Where Stolen Art Used to Be, Museum Now Displays Drawings of the Suspects
On the day after Thanksgiving in 1985, Willem de Kooning’s painting “Woman–Ochre” was stolen from the University of Arizona’s Museum of Art in Tucson. Thirty years later, the museum is far from over it.
Next to the empty frame that once displayed the piece are composite drawings of the two suspects police say were responsible for the heist. The alleged perpetrators were a man and woman who walked into the museum to commit the crime shortly after it opened. The woman, who appeared to be in her mid-50s, chatted up a security guard while the man, likely in his 20s, cut the $600,000 painting out of its frame.
Despite the eyewitness descriptions, local police had no luck in tracking down the thieves. The man had been seen wearing a mustache and glasses, possibly as a way to conceal his identity, and, according to police, the woman may also have been dressed in disguise.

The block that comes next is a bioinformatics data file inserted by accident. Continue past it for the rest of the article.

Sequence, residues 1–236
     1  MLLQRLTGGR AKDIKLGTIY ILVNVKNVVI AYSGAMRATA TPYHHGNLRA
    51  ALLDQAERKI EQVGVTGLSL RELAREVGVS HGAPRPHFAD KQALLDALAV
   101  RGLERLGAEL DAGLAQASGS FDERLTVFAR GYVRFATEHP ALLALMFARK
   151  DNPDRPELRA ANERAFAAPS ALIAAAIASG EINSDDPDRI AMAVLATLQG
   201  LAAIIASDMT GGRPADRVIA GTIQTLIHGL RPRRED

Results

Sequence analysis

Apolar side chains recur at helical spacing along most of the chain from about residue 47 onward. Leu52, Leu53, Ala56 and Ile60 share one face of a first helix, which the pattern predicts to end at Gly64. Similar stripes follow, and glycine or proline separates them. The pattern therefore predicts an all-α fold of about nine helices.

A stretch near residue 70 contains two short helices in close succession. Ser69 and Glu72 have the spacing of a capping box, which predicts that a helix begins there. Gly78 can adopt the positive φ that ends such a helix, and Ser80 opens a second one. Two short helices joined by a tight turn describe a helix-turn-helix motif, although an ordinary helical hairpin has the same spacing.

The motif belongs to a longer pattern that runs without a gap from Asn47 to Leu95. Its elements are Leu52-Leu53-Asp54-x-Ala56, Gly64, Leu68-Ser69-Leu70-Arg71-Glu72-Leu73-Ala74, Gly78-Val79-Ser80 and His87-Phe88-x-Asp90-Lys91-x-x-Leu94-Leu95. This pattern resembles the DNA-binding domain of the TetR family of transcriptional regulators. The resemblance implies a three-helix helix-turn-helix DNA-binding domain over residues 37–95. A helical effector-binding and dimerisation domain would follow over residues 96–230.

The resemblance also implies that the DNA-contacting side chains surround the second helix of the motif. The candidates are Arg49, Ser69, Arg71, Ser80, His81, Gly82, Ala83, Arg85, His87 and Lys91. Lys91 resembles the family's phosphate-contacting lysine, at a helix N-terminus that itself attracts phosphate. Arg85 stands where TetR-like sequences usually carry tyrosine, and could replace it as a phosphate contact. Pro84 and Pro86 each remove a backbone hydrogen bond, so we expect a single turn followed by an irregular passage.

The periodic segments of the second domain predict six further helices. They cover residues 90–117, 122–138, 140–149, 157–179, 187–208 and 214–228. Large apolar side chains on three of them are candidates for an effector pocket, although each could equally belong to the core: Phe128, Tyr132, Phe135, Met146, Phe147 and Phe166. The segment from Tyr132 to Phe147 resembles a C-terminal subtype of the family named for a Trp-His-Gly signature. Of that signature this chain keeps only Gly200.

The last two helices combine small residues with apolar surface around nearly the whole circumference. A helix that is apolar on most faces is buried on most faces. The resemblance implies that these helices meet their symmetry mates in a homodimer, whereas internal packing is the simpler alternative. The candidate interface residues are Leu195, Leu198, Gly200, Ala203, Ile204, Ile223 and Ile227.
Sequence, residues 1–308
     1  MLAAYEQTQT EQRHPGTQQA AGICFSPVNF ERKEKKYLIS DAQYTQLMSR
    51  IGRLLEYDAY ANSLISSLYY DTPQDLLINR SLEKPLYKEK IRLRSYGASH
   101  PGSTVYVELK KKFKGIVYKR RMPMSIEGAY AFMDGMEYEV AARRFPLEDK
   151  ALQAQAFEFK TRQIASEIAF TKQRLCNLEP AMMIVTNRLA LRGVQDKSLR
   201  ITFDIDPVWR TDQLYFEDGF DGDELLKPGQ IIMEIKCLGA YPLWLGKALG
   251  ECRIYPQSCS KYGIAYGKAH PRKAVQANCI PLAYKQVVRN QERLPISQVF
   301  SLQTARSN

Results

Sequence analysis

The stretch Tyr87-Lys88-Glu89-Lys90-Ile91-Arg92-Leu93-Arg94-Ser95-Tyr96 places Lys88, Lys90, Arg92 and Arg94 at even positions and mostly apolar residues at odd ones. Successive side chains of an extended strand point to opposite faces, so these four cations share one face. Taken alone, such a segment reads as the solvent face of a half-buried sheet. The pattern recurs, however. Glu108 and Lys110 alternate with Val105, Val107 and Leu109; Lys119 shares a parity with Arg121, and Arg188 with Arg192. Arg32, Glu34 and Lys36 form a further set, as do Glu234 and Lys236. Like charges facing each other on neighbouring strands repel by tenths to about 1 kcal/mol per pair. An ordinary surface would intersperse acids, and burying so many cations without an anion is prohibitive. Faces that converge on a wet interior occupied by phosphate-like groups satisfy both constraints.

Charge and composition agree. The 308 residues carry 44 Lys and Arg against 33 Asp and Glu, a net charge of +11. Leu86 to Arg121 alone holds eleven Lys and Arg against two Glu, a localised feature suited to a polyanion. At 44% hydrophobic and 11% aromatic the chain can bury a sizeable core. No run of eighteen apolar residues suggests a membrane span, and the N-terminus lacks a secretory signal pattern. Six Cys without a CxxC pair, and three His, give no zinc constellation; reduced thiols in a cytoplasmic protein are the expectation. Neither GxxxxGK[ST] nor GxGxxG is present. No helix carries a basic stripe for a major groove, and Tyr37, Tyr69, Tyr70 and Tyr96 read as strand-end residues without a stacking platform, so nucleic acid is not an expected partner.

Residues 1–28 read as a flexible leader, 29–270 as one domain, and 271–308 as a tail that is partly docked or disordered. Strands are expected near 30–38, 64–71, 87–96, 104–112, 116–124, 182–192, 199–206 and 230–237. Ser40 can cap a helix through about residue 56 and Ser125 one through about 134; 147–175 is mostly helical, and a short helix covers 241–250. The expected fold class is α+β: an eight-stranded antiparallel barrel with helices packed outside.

The painting has been missing in action for the three decades since, but the museum hasn’t given up hope for its eventual return. Gina Compitello-Moore, the museum’s marketing director, says now is as good a time as any to draw attention to the heist because in the time since its disappearance, the painting might have changed hands—and now be in the possession of someone unaware of its illicit origins. "We have not given up hope about getting the painting back,” she told the Huffington Post. "By not having it, it's almost as if a member of our family is missing.”
[h/t: Huffington Post]